Podcasts & the Oral Horror Tradition

By Shannon Lawrence

Horror has a long oral history, from fairy tales being passed down to keep children safe to the notorious radio broadcast of War of the Worlds, which sent people into a panic. Of course, it existed in one form or another long before that, with our cave dwelling ancestors likely telling tales around the fire to keep their children wary of the predators that waited with teeth and claws in the surrounding darkness. Even the monsters of Greek mythology started out as oral tradition before meeting pen and paper.

In our modern era, this is where podcasts come in. No more do people have to turn on the radio at a specific time to hear frightening stories. Podcasts can be streamed on phones and computers, making them conveniently portable and close to hand. They fill the insides of cars while people commute to work and filter through earbuds and headsets wherever there’s a signal. If someone won’t have access to the internet or wi-fi at a specific time, they can always download the next episode of their favorite podcast ahead of time and listen to it offline. While books and movies will always bring a strong current of horror, podcasts are entering their prime…and bringing horror with them.

To get to know some of our members’ podcasts, I asked two of our podcasters a few questions.

Our first podcaster is C.S.W., host of the Incarnation Read podcast.

Tell us about your podcast.

My podcast is called INCARNATION READ (pronounced “red”). It’s a horror anthology podcast of 20-30 minute fictional horror stories, all written, edited, and narrated by myself.

Where can it be found and how often do you post a new episode?

Incarnation Read is available on Spotify, Apple Podcasts, Google Podcasts, Stitcher, YouTube, Deezer, Pocket Casts, Breaker, Overcast, Radio Public, TuneIn, Podcast Addict, and Castbox. Episodes are uploaded once every other Saturday, with Season 2’s upcoming premiere slated for Halloween 2021.

What made you decide to start a podcast?

I feel that audio is one of the strongest mediums for eliciting fear, both in the story that is told and in the sounds that accompany it. In the scariest scenes of horror films, what a character hears is often the first thing that truly frightens them, so a podcast (being an audio-first art form), seems to me the perfect medium for such an emulation.

If you could give one reason why someone should listen to your podcast, what would it be?

I suppose it would be that with Incarnation Read, I try to avoid telling the listener a story, and instead make the listener experience the story, all through the use of sound design as a means of storytelling. So if you’re looking to be scared by the very sounds you are hearing, Incarnation Read is for you.

Are there any other horror/true crime podcasts you’d recommend?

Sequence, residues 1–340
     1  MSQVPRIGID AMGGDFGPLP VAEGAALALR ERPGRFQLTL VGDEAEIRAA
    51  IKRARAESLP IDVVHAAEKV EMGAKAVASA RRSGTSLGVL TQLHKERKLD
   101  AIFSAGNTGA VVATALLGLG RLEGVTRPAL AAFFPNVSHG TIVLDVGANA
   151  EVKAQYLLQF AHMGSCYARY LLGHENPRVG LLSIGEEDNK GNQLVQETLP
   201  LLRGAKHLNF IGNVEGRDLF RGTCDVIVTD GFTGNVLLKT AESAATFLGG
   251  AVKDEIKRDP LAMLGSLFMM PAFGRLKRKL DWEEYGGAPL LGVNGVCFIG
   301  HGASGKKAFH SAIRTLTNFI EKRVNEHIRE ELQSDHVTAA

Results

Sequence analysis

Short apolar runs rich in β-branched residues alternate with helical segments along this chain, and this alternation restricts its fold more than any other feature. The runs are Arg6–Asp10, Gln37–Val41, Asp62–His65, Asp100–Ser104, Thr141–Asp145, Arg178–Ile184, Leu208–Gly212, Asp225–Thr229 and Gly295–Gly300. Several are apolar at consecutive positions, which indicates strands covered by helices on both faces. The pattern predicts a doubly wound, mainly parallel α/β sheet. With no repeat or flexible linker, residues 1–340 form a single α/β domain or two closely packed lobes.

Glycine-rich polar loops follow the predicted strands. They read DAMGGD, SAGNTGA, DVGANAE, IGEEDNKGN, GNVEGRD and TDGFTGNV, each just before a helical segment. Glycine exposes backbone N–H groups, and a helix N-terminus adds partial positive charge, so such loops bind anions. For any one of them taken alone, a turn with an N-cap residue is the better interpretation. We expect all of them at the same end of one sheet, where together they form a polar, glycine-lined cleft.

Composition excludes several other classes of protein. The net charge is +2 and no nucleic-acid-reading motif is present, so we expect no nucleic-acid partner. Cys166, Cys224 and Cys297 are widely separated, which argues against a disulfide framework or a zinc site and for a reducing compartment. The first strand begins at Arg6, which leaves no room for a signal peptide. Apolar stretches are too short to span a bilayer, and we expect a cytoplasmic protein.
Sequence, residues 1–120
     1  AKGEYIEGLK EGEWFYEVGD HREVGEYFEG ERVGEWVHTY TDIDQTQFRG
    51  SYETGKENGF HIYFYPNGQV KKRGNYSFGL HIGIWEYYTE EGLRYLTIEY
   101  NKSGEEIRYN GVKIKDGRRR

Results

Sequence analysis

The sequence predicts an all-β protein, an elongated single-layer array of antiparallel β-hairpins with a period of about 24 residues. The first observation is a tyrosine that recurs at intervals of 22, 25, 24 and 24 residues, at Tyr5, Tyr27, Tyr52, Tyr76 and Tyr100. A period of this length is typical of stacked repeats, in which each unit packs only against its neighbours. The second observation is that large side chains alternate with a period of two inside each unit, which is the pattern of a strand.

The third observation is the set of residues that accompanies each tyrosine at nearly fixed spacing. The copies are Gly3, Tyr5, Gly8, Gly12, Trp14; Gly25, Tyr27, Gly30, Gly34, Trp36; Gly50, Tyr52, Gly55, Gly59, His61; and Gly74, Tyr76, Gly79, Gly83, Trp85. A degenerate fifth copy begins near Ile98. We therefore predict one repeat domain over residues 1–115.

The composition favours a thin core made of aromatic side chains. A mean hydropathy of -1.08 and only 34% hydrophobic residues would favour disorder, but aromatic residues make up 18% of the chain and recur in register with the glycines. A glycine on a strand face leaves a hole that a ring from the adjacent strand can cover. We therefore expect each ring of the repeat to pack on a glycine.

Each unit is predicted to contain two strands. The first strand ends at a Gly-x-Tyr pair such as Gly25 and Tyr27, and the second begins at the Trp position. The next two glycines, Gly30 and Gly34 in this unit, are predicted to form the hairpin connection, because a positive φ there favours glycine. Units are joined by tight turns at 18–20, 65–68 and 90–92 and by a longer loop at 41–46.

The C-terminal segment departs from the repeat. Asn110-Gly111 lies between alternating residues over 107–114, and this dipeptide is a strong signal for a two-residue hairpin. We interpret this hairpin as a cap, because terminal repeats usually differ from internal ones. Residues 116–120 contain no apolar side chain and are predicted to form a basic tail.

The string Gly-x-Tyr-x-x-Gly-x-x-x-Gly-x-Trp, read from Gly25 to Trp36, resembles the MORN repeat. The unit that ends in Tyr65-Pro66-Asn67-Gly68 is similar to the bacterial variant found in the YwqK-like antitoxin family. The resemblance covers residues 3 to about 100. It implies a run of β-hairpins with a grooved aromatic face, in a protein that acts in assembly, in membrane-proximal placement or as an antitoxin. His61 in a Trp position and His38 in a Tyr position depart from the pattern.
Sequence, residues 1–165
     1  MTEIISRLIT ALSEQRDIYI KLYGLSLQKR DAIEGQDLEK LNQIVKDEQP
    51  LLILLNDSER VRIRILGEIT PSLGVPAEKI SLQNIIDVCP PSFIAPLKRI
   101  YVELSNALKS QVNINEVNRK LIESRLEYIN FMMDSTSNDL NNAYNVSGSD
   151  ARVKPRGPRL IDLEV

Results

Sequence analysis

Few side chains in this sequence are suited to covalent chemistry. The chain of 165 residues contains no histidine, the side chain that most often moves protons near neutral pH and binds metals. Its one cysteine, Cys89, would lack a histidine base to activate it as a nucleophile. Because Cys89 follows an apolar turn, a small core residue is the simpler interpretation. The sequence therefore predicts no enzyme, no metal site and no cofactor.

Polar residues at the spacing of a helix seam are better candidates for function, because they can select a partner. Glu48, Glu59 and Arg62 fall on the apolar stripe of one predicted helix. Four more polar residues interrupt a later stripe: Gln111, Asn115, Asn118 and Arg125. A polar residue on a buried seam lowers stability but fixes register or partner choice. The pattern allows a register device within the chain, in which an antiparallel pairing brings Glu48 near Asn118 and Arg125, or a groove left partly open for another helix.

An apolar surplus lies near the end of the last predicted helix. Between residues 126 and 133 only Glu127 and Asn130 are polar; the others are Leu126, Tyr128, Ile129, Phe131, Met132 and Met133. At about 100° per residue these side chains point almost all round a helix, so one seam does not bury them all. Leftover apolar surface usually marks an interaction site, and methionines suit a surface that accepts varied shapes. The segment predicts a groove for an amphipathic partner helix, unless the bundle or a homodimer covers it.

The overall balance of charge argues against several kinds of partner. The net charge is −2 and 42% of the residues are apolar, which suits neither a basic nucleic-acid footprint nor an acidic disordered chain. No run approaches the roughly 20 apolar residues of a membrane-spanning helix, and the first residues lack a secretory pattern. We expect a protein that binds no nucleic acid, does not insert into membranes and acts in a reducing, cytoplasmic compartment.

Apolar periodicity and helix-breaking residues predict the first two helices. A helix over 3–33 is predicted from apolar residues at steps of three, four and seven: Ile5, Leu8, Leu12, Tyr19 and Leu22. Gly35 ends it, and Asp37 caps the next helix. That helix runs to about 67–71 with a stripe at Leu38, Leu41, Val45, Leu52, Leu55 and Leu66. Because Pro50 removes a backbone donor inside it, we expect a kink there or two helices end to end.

My personal favorites are the podcasts Mabel, The Magnus Archives, and Knifepoint Horror.

You can find C.S.W. and the Incarnation Read podcast at the following links:


Twitter: @CSW_Horror


Instagram: @IncarnationRead


TikTok: @csw_horror

Our next interview is with Jeamus Wilkes, host of The Jeamus After Midnight Show.

Tell us about your podcast?

My podcast is The Jeamus After Midnight Show, and it covers heady, philosophical, and aesthetic topics in horror through interviews and discussions with horror creatives (writers, artists, poets, performers, and such). I have conversation-starting questions, but I also give the guest the freedom to talk about any of the horror genre things that pique their interest or affect them profoundly in some way. I have no time limit, though most episodes right now seem to be finishing at an hour and fifteen or an hour and thirty minutes.

Where can it be found and how often do you post a new episode? 

It can be found on Spotify, Stitcher, Google Podcasts, and on its base at Podbean. There’s also a handy little player in the left column of my Jeamus After Midnight blog. I’m easy to find in a Google search. The podcast stalled out in 2020, but I am about to drop several episodes soon after many hours in editing. After getting over the 2020 hiccup, I hope to post 2-3 episodes a month. If I can get a successful patreon/support campaign going, I hope to do it once a week. I’m obsessive about the audio presentation and editing of it. I have environment- and thematic-based ambient sounds coupled with tight editing throughout the episodes; I don’t just throw up episodes and slap music onto the beginning and end. It’s a creative project I take seriously that takes hours and hours. In the coming weeks and months I will also increase the podcast’s linkage to my baby, the Colorado Horror Channel.

What made you decide to start a podcast?